Russias church wrestles with a changing country
text by Victor Sonkin with photographs by Julia Vishnevets
Kiril Kaleda remembers 1990 as the year of an unusually abundant harvest of apples in the Moscow region. Then a young geologist, Mr. Kaleda was invited by friends to help pick the fruit at a small orchard near their cottage in Butovo, a village five miles south of the city limits. Approaching the village by car, they drove by a long green fence. Pointing to it, a friend turned to Mr. Kaleda and said, Do you know what it is? Its a horrible place. Thousands of people were shot and buried here.
Little did he know the mass grave was intimately linked to the trials of his own family, which mirrored those the Orthodox Church of Russia endured after the abdication of the tsar in 1917.
For three consecutive generations, members of Mr. Kaledas family have served as Orthodox priests. His maternal grandfather, Vladimir Ambartsumov, responded to his priestly calling during his student days in Berlin, where he was involved with Christian youth groups. When he returned to Russia just before the outbreak of World War I, he entered the seminary and was ordained a priest in 1927.
At the time of his ordination, Russias Orthodox clergy lived precariously. When the Bolsheviks took power in November 1917, they severed ties between the Orthodox Church and the state. The church was stripped of its special legal status and forbidden to exercise its pastoral responsibilities to the military, prisons and schools. All religions, as well as militant atheism, were placed on an equal footing before the law. This did not usher in a Western-style democratic secularism. Instead, the Bolsheviks launched a Red Terror, targeting Orthodox religious along with counterrevolutionaries suspected of anti-Bolshevik activity.
We must put down all resistance with such brutality that they will not forget it for several decades, wrote Lenin in March 1918.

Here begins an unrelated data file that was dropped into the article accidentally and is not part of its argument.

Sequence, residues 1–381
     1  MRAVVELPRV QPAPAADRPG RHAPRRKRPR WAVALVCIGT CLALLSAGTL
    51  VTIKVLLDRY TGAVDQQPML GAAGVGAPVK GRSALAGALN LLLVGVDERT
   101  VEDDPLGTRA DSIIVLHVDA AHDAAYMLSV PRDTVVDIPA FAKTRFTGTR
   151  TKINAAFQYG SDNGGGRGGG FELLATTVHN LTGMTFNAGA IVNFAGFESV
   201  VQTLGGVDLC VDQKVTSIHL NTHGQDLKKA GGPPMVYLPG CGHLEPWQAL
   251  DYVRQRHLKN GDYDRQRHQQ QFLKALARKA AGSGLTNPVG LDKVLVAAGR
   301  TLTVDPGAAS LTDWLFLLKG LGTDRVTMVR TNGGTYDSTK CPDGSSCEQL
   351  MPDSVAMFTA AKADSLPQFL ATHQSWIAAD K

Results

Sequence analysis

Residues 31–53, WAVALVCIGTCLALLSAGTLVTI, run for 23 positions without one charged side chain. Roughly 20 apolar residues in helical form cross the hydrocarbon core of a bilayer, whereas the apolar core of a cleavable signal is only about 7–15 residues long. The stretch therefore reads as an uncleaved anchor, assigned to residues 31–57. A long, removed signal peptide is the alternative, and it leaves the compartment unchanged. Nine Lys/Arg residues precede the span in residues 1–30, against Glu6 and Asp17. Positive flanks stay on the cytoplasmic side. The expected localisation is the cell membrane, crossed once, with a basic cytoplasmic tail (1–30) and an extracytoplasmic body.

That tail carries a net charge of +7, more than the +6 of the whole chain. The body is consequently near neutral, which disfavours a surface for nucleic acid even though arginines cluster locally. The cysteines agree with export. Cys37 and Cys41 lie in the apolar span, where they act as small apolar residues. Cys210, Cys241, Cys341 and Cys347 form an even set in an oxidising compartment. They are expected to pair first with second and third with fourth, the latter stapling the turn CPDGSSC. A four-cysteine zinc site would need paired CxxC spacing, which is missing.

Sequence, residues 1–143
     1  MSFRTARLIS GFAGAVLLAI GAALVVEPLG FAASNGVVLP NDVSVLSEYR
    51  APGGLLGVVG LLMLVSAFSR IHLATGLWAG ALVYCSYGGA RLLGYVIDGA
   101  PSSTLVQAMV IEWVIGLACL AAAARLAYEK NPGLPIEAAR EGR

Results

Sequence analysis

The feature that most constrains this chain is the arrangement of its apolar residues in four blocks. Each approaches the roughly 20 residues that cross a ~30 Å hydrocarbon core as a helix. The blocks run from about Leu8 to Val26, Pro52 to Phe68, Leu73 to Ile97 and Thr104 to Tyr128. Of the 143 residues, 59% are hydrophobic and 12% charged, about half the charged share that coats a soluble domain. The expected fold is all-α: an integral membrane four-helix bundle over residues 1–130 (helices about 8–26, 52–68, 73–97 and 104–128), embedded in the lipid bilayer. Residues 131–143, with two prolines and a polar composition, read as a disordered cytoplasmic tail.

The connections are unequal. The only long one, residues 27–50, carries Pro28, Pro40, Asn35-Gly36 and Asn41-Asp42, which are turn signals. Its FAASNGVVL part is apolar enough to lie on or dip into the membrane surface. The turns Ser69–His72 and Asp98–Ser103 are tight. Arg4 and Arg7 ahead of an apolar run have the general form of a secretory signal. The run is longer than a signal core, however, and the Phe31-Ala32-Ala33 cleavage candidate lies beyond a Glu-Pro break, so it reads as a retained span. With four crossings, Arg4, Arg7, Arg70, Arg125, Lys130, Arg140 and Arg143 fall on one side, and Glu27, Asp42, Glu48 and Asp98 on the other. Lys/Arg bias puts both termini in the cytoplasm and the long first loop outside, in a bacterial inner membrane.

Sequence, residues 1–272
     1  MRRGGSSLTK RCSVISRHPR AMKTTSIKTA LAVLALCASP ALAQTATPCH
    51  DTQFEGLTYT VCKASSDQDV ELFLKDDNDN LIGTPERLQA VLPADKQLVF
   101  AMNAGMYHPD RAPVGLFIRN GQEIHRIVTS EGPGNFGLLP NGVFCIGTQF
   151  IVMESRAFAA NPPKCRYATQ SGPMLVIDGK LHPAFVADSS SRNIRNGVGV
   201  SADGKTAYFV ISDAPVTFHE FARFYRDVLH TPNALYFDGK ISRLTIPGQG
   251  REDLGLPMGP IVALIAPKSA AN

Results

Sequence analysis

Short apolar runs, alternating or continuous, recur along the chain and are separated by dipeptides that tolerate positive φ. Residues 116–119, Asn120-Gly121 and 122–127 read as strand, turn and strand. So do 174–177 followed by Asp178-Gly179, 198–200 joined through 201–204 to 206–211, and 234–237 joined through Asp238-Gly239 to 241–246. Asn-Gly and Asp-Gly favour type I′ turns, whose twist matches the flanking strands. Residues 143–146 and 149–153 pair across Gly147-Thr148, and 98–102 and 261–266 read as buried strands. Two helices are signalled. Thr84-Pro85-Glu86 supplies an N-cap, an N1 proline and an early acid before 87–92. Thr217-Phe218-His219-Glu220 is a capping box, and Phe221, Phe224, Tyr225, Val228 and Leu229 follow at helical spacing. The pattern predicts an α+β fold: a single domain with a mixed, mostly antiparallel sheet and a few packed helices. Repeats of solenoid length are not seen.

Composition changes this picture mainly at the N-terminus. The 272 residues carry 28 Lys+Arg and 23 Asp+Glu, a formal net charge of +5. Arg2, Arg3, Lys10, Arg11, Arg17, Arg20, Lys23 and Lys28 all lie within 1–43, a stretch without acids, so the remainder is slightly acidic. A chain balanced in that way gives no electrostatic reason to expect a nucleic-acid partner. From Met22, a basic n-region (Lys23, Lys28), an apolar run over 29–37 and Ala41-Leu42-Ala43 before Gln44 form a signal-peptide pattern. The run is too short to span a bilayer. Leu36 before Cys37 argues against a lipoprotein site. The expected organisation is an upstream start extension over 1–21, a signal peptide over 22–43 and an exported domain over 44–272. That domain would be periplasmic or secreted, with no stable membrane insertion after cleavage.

The greater the number of representatives of the reactionary clergy and reactionary bourgeoisie we succeed in executing ... the better.
From 1918 to 1922, tens of thousands of priests, bishops, monks and nuns were brutally murdered: Near St. Petersburg, henchmen tied one archpriest to a railway car, which dragged him along until he died. Three priests in the Crimea were crucified. Seven nuns in Voronezh were burned in boiling tar. A bishop from Samara was impaled on a stake.
In 1921, Felix Dzerzhinsky, head of the Cheka, the dreaded secret police of the Bolsheviks, wrote: The church is falling apart; we should help it fall. ... Our stakes are with Communism, not religion, and the Cheka should concentrate on [its] elimination.
As the Bolsheviks consolidated their power, they institutionalized their onslaught on the Orthodox Church, which one historian of the period, Dimitry Pospielovsky, calls the holocaust of the Russian church. Soviet Russian authorities converted monasteries (such as the famous Solovetsky) into prisons, closed churches, dynamited shrines, confiscated plate and pillaged reliquaries. Clergy and religious simply disappeared, their relatives told they had been tried, sentenced and packed off to a penal colony to serve out their sentences.
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